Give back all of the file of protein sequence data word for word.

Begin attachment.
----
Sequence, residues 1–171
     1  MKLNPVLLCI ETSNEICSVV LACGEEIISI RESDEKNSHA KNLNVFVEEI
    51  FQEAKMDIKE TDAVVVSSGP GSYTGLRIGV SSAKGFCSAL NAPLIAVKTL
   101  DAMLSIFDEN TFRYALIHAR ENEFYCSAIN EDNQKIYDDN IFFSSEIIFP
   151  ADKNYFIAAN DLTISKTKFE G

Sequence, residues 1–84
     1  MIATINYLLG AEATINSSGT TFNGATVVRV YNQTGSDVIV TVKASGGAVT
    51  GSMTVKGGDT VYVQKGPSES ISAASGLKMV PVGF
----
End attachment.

Sequence, residues 1–171
     1  MKLNPVLLCI ETSNEICSVV LACGEEIISI RESDEKNSHA KNLNVFVEEI
    51  FQEAKMDIKE TDAVVVSSGP GSYTGLRIGV SSAKGFCSAL NAPLIAVKTL
   101  DAMLSIFDEN TFRYALIHAR ENEFYCSAIN EDNQKIYDDN IFFSSEIIFP
   151  ADKNYFIAAN DLTISKTKFE G

Sequence, residues 1–84
     1  MIATINYLLG AEATINSSGT TFNGATVVRV YNQTGSDVIV TVKASGGAVT
    51  GSMTVKGGDT VYVQKGPSES ISAASGLKMV PVGF